Canadian Journal of Psychology
Pigeon spatial memory was examined using a four-arm radial maze. The maze had four arms, spaced at 90° intervals, extending radially from a central choice area. Subjects were forced into three arms, then permitted two choices to enter the remaining ann. Five subjects chose accurately (90% correct) with delays of 5 min or less, their choices depended on extramaze cues, and the food in the target arm provided no essential cues. After an incorrect first choice, subjects' second choices were more accurate than chance. These data suggest that, while spatial memory has many similar characteristics in rats and pigeons, pigeon spatial memory appears less durable.
Copyright © 1988 Canadian Psychological Association.
This is a post-print version of an article originally published in Canadian Journal of Experimental Psychology, 1988, Volume 42, Issue 1.. The version of record is available through: American Psychology Association. "This article may not exactly replicate the final version published in the APA journal. It is not the copy of record."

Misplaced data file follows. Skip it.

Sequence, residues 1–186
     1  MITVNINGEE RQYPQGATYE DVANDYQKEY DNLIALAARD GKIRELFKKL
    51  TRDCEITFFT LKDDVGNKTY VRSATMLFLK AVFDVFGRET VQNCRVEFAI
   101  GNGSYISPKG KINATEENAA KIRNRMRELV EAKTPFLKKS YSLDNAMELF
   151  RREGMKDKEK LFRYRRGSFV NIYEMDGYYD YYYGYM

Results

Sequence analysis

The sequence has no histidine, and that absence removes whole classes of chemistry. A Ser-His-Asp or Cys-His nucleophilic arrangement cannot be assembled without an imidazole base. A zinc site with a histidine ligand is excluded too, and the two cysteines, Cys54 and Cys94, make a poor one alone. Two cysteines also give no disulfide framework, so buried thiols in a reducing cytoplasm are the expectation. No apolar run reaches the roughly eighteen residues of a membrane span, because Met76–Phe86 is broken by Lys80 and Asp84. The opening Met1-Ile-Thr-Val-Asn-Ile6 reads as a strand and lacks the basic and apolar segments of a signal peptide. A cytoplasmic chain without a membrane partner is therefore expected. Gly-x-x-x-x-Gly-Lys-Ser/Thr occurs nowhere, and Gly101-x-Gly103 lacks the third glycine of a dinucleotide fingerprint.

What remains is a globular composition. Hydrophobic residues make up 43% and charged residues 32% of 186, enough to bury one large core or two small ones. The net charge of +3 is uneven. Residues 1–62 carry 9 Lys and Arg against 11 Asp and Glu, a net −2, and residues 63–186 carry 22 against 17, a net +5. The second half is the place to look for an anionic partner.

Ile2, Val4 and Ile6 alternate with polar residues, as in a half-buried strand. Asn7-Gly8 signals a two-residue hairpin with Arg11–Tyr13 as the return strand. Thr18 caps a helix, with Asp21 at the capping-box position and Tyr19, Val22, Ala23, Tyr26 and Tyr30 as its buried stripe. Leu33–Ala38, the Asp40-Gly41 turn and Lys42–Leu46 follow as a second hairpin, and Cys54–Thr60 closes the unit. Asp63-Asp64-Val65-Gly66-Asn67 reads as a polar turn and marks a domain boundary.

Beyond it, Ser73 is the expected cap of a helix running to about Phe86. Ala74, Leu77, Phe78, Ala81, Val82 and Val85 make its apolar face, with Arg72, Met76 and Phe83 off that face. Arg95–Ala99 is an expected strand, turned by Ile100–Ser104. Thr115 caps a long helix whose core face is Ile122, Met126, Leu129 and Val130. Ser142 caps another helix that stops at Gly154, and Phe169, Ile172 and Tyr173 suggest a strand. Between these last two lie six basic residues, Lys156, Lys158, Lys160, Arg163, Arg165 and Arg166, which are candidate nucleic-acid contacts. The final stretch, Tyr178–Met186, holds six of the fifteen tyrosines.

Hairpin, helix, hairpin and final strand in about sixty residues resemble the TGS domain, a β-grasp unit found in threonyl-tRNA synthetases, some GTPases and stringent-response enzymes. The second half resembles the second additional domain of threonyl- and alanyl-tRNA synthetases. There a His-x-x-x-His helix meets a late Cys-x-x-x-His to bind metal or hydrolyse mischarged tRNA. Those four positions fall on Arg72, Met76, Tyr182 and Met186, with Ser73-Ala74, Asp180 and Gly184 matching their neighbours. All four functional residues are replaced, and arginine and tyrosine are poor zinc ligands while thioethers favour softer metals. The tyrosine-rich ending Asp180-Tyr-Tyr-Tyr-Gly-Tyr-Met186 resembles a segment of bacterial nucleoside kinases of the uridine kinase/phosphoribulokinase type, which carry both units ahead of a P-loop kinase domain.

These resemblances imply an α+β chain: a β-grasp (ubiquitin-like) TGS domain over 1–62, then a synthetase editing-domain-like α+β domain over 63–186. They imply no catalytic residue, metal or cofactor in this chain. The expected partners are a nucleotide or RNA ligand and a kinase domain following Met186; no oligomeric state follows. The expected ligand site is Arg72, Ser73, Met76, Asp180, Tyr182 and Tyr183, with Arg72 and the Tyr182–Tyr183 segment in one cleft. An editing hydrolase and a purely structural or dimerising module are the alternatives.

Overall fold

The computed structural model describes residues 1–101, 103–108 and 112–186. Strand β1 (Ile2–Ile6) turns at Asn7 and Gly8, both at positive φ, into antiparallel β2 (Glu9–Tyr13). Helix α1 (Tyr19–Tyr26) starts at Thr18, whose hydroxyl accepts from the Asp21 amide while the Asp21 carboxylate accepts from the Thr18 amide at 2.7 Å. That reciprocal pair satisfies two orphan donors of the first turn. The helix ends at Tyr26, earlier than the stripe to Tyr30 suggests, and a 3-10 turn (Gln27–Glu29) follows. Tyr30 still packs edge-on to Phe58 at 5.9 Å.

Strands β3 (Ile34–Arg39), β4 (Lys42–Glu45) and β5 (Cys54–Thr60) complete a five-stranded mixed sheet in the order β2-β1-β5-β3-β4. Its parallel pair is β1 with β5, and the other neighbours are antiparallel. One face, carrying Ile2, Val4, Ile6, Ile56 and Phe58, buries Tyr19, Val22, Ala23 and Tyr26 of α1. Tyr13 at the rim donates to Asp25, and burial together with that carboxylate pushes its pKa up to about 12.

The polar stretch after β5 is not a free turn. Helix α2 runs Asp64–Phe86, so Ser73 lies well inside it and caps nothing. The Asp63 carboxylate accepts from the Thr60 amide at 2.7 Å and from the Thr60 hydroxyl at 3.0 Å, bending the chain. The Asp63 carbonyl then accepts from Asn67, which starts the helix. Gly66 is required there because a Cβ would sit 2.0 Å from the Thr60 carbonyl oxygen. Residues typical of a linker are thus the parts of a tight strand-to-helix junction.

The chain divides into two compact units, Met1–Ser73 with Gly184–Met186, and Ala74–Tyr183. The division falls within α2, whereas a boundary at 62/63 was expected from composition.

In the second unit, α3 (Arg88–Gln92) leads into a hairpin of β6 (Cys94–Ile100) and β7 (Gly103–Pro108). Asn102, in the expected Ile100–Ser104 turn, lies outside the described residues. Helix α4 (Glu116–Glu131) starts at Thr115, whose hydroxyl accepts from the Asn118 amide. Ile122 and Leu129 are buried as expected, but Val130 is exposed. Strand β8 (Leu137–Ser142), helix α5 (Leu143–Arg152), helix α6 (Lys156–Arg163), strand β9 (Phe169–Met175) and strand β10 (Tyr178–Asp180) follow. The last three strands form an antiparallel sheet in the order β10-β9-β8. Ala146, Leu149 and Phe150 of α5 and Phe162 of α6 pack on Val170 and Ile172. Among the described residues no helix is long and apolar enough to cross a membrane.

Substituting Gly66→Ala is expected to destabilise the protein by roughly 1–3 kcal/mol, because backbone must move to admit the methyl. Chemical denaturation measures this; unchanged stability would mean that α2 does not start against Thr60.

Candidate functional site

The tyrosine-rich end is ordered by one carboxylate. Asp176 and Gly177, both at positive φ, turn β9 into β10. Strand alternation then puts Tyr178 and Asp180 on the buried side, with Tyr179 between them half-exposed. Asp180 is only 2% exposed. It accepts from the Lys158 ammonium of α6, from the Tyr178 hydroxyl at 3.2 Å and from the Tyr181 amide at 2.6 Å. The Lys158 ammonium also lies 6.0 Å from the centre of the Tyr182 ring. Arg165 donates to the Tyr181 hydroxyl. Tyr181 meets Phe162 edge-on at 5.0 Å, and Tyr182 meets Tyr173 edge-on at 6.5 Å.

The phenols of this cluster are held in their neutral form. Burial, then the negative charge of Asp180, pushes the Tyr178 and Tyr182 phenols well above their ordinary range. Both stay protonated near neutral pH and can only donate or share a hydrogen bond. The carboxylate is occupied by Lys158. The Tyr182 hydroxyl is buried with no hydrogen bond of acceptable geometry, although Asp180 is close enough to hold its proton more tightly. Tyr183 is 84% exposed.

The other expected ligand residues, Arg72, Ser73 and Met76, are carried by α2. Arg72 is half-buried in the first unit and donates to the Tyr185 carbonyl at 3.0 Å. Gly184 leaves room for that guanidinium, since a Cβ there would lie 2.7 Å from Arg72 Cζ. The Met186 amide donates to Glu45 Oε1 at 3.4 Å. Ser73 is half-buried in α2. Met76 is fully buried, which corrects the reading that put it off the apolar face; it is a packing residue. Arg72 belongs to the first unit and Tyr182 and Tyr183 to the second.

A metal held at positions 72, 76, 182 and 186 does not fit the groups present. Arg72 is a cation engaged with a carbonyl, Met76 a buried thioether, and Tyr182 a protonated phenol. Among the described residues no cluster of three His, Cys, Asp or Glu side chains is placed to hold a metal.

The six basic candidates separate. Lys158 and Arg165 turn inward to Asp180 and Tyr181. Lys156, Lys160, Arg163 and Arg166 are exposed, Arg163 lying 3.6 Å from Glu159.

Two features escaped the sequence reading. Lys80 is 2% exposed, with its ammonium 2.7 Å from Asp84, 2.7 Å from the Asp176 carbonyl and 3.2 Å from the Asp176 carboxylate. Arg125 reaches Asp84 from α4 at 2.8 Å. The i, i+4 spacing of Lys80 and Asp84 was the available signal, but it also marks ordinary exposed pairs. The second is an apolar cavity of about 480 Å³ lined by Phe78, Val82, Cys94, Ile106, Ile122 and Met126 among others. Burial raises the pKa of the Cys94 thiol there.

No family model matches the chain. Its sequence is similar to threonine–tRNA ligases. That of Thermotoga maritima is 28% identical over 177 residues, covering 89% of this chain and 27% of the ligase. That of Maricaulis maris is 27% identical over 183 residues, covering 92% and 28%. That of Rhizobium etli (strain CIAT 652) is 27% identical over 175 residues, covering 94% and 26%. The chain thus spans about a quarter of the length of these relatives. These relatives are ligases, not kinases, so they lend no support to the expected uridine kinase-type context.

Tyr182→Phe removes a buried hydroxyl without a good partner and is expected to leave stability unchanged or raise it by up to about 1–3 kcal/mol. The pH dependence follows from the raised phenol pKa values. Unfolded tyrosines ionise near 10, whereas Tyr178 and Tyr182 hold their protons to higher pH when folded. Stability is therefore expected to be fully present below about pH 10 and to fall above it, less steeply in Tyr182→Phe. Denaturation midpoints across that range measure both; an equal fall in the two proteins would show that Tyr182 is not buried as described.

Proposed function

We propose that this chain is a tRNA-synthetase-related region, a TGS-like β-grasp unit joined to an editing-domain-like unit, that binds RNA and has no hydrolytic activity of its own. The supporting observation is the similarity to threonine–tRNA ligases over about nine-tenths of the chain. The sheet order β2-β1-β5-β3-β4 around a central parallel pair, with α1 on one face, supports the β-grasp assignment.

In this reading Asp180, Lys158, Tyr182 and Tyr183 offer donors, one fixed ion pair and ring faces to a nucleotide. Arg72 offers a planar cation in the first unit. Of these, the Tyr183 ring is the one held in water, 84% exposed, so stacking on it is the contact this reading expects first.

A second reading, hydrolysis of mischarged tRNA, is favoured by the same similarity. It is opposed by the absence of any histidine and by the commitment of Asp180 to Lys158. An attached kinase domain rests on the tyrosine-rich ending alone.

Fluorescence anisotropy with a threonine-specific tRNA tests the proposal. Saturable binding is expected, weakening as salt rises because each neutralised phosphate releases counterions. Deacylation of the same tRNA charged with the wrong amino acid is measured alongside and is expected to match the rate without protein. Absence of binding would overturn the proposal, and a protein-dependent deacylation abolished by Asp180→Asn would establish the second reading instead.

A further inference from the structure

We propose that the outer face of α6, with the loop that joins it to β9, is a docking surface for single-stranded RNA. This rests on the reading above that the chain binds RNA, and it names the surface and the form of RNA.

Dale RHI. (1988). Spatial memory in pigeons on a four-arm radial maze. Canadian Journal of Psychology. 42(1), 78-376. doi: 10.1037/h0084177. Available from: http://digitalcommons.butler.edu/facsch_papers/359
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